On March 1, 2020, a Catholic LGBT advocacy group in the Archdiocese of Atlanta, Fortunate and Faithful Families, will offer a “retreat” entitled – “A New Heart.” According to Fortunate and Faithful Families:
Fortunate and Faithful Families is an archdiocesan-approved ministry to families with LGBT children or other family members. Our annual retreat provides compassionate and affirming information with a focus on sharing the love of Christ for all.
According to the group’s official Facebook page: “One day we won’t have to ‘come out of the closet.’ We will just say we are in love and that’s all that matters.”
Their advertisement for the event included the following:
“We believe God intentionally created LGBTQ people and wants them to live a full life. We believe the Church should be a home for LGBTQ persons exactly as they are…”
In 2018, Fortunate and Faithful Families held it’s annual “retreat” at the Chancery of the Archdiocese of Atlanta located in Smyrna, Georgia. Composed primarily of Catholic parents with self-proclaimed “gay” children, in 2014 Archbishop Wilton Gregory first addressed Fortunate & Faithful Families. After the meeting, Gregory said:
Their parents then spoke of the hostile environment that many of them encountered from the Church. The language that the Church uses in speaking of their sexual orientation is often unwelcoming and condemnatory…I spoke of the distinction that our Church makes between orientation and behavior, which admittedly needs reexamination and development.
The group is an offshoot of the dissident Catholic pro-gay marriage LGBT ministry Fortunate Families.
Fortunate Families is a gay-affirmative pro-same-sex marriage advocacy group founded in 2004 by the Catholic parents of a “gay” son – Mary Ellen and Casey Lopata. Inspired by the work of Robert Nugent and Jeannine Gramick and their New Ways Ministry, the Lopata’s decided to form an outreach specifically targeted to the Catholic parents of LGBT children. In 1999, Nugent and Gramick were both officially censured by the Vatican and “permanently prohibited from any pastoral work involving homosexual persons.”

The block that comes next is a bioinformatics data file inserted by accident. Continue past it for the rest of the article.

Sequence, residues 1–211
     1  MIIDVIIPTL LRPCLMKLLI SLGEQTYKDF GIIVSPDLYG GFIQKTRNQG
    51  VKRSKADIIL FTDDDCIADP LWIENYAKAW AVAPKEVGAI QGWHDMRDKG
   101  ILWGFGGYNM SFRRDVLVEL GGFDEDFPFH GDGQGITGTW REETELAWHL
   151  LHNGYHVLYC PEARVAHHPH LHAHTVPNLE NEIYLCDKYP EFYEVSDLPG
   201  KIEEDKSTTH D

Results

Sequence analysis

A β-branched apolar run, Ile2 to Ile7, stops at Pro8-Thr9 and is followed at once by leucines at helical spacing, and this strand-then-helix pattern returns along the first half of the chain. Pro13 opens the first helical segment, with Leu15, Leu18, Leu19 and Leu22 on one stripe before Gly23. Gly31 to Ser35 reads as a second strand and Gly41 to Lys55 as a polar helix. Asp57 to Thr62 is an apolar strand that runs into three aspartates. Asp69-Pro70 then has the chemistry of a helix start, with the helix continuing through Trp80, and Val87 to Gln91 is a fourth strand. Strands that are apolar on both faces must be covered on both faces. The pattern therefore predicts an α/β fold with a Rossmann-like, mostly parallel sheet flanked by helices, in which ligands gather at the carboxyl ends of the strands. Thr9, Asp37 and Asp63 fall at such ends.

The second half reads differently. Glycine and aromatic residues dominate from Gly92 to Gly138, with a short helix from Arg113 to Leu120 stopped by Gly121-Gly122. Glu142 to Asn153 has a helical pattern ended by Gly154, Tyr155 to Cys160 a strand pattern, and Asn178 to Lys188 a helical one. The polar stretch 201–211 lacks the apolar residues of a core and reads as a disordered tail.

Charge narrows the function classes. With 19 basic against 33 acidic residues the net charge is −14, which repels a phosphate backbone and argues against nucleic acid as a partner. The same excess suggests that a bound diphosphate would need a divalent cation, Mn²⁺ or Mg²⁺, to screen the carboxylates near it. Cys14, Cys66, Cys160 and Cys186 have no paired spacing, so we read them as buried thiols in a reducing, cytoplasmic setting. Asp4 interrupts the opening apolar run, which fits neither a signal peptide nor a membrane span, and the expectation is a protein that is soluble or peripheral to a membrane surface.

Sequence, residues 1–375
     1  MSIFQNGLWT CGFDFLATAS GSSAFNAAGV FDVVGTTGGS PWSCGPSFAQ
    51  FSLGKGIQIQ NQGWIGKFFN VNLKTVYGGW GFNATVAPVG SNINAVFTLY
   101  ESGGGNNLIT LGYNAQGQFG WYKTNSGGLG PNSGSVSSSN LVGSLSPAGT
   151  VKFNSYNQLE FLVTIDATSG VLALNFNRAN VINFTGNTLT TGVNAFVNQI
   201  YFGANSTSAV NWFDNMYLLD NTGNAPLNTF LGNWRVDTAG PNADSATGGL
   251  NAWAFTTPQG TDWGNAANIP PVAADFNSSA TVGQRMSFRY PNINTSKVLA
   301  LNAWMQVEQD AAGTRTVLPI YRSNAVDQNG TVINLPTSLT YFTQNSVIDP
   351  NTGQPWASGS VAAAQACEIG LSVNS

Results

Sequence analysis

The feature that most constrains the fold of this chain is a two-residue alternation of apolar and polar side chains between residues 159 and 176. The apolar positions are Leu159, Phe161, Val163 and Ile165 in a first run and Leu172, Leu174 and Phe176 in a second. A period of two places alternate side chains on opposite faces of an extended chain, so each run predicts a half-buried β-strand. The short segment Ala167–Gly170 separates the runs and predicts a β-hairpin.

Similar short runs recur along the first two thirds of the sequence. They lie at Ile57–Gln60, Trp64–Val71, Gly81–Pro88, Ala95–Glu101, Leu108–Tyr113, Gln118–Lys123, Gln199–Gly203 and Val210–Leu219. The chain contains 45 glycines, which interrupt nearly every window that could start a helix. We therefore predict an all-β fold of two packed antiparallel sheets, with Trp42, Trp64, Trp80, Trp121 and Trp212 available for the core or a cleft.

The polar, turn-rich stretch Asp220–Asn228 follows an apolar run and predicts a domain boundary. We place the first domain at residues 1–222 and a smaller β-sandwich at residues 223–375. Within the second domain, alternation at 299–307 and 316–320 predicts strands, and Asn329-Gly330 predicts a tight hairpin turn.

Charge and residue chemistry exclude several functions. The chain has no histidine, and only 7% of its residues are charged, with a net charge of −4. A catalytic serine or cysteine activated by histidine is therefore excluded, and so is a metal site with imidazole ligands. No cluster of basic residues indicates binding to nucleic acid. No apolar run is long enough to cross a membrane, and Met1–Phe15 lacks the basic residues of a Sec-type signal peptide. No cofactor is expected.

In 2003, the Lopatas published their book “Fortunate Families: Catholic Families with Lesbian Daughters and Gay Sons.” They argued, among other things, that “homogeni-tal acts are not necessarily always a sin.” They also qualified prohibitions in the Bible regarding homosexual activity by stating that: “The biblical writers had no concept of our modern psychological understanding of homosexual orientation.” And, “The prophets, the gospels and Jesus say nothing about homosexuality in the bible.”
One of the presenters at the Fortunate and Faithful families retreat will be theologian Luke Timothy Johnson. In 2007 and 2012, Johnson spoke at the national symposiums of New Ways Ministry – a group that was formally condemned by the USCCB in 2010.
In 2007, Johnson wrote:
“I think it important to state clearly that we do, in fact, reject the straightforward commands of Scripture, and appeal instead to another authority when we declare that same-sex unions can be holy and good. And what exactly is that authority? We appeal explicitly to the weight of our own experience and the experience thousands of others have witnessed to, which tells us that to claim our own sexual orientation is in fact to accept the way in which God has created us. By so doing, we explicitly reject as well the premises of the scriptural statements condemning homosexuality—namely, that it is a vice freely chosen, a symptom of human corruption, and disobedience to God’s created order.”
On the issue of transsexuality, Johnson wrote:
“. . . [T]he desire to change one’s gender is not itself a moral issue. It is not in itself a disordered drive, or a form of rebellion against the creator. It could be, to be sure, but it need not be; like the discovery of one’s sexual attraction to persons of the same gender, it may in fact be a recognition of oneself that is deeply respectful of the Creator.”
At the 2018 Los Angeles Religious Education Congress, during one of the several LGBT sessions, attendees were encouraged to support a trans-child in their gender transition.
In 2016, the LGBT Ministry at the parish of St. Francis of Assisi in New York City recommended a particular hospital for those seeking transgender surgery.
Every year, Fortunate and Faithful Families marches in the Atlanta Gay “Pride” Parade.
Jesuit priest James Martin has praised the group and spoken to them twice: at the Shrine of the Immaculate Conception (afterwards, they presented Martin with a cake featuring a rainbow) in 2018; and in 2019 via Facebook Live. The “Shrine” in Atlanta is the home of Pastor Monsignor Henry Gracz who has been outspoken about his support for the LGBT community.